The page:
22 September 2015

I've Seen Fire and I've Seen Rain - Cycle Oregon 2015

Day 6 between Cove and La Grande
Day 4 between Weiser, Idaho and Farewell Bend State Park, Oregon
On Saturday I finished riding Cycle Oregon 2015, a week-long ride that attracts 2200 riders (and sells out almost immediately when applications open in early February).  The ride visits small towns and rotates annually among different parts of the state.  This was originally planned to give the largely Portland-based group of riders a chance to see areas of Oregon they might not otherwise get to, and to raise money for charities to meet local needs. (The ride, in its 28th year, now attracts riders from all over the U.S. and, this year, 8 foreign countries, so is much less focused on Portland-based riders, though they still form a large core).
Day 4 Again
Dawn at camp, Day 6
This year's ride was planned to feature the Hell's Canyon area along the Oregon/Idaho border, including an overlook way down into the deep canyon -- which is deeper than the Grand Canyon.  My first memory of Hell's Canyon is from watching on TV Evel Knievel's attempted rocket-powered motorcycle jump in ... 1973, just a few years after Apollo 11 landed on the moon.  Now it seems like before I was born, and a kind of more innocent era of daredevil stunt. This year's Cycle Oregon was named, appropriately, "Hell on Wheels".  Previous rides have been named "The Magnificent 7" (for 7 tall mountains on the route), "Going Coastal" (for a ride in the Oregon coast area), and similar themes.
Day 6 high point -- 1273 meters elevation.  Matched/exceeded only on Day 4.
Ride Director Steve Schulz joins "Karaoke from Hell" night with his rendition
of Garth Brooks' Classic "I've Got Friends in Low Places"
Ian Madin, Chief Scientist of the Oregon Department of Geology, offers evening lectures.
Want to know about Columbia River basalt?  Great floods of the past (no, not Noah's flood, the Missoula floods)?
Worried about the Cascade Subduction Zone potential for an M9.0 Quake?  Ask Ian! 
Cycle Oregon's Priority Activities
Cycle Oregon actually made NEWS in the region this year when an 18,000 acre wildfire flared up just outside of Halfway, Oregon, the planned overnight stop at the end of Day 3, forced a complete re-routing of days 3 to 6.  (Actually, the fire was man-made, so "flared up" is a bit too passive a term.)  This route change involved a herculean organizational effort, and came off pretty much without a hitch.  Imagine the logistics involved in moving, feeding, showering, and disposing of waste from, an army.  That is Cycle Oregon -- an amazing logistical feat.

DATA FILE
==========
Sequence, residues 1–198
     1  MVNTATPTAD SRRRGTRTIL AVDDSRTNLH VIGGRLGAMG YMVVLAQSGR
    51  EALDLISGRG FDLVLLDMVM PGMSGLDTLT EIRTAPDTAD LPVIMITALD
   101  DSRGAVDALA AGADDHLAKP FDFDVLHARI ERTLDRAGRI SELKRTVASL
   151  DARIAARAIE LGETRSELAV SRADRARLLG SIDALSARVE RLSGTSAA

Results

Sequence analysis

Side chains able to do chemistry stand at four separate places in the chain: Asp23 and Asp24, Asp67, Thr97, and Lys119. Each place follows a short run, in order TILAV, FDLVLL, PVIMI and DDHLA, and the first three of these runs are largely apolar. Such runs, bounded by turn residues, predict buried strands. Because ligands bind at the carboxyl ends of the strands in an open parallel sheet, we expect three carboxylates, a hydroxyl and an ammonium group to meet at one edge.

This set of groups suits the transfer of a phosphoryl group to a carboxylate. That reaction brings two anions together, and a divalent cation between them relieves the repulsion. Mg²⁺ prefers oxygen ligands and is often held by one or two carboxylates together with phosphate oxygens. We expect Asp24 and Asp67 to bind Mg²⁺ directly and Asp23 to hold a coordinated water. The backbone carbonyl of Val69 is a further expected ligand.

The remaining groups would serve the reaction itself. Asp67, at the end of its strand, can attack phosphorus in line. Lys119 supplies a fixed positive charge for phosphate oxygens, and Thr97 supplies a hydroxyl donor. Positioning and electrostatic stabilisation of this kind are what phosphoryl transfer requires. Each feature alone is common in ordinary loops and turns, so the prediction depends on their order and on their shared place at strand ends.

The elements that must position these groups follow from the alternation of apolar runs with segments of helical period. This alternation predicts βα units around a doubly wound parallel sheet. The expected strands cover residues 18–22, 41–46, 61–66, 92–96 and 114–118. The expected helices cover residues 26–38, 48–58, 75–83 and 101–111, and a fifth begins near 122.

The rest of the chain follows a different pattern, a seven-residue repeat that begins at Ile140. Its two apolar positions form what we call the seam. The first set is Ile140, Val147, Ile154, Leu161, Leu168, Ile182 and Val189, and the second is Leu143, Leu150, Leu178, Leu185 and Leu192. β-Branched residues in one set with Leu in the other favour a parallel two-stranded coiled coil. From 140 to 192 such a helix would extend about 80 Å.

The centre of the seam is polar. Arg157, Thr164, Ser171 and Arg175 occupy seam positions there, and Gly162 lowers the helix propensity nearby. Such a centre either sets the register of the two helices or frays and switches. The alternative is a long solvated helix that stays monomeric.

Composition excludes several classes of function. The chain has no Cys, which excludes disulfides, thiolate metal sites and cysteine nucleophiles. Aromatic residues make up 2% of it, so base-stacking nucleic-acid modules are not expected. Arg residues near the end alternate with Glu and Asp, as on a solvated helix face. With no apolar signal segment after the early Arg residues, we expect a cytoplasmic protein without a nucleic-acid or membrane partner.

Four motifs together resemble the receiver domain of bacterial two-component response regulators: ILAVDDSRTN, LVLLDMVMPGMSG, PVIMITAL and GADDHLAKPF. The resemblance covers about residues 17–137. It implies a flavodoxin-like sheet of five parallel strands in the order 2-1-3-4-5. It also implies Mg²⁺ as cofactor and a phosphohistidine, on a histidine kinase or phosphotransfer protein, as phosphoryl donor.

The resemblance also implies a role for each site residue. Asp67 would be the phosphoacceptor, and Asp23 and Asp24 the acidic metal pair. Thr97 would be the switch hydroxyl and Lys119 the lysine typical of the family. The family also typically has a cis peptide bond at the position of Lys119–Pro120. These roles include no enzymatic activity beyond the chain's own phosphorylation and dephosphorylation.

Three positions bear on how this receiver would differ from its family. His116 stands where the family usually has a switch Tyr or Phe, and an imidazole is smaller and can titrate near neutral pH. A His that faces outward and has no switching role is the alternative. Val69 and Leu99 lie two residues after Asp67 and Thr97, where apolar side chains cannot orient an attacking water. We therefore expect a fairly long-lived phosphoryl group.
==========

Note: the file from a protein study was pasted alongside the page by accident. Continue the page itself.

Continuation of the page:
Day 3 "option" ride out of Cambridge and to the southern (dammed) part of Hell's Canyon
We start the longest climb of the trip.
Day 4 -- Oldtime Fiddlers Entertain at a Rest Stop
Weiser Idaho is home to the National Oldtime Fiddlers' contest 
Jeffrey's Community Hall and Shamrock Club, Day 4
The Snake River between Farewell Bend and Weiser, Day 4
Dammed area of the Snake River above Brownlee Dam, Day 3
These dams lack any passage for migrating salmon ... so there are none this far inland.
The reservoirs look dead in comparison to a flowing river ...
At the evening ride announcements in Cambridge, Idaho, we were told that we could not go to Halfway, nor to the following stop at Joseph near Lake Wallowa, since the fire had caused repeated highway closures and evacuation of homes.  We would miss the Hell's Canyon overlook.

As we all stood in an open field, in darkness, hearing this news, rain started to pour down from the heavens.  It rained pretty much all night, testing the seam sealing on my 35-year old tent's rain fly.  I managed to make it through the night warm, with only minor dampness that a towel soaked up before it could get to my (even older) sleeping bag.  It rained again the following night, but we had dry weather on the road.  Only on Day 5 did we get a few minutes' of rain showers while actually riding, though later or slower riders got more rain.  Despite riding on dry roads, the rain that first night in Cambridge apparently set a record for precipitation on a Cycle Oregon event. Unfortunately, the rain would not be in time nor in the right place to extinguish the fire and save our route through Halfway.

The Cycle Oregon website unofficially changed the name of the ride from "Hell on Wheels" to "Hell or High Water".  Given the lack of flooding (i.e. "high water"), I think James Taylor's "I've Seen Fire and I've Seen Rain" might be more appropriate.
Dinner tent in Baker City, Day 0.  A massive feeding operation comes off without a hitch.
"Option" section near Baker City, morning of Day 1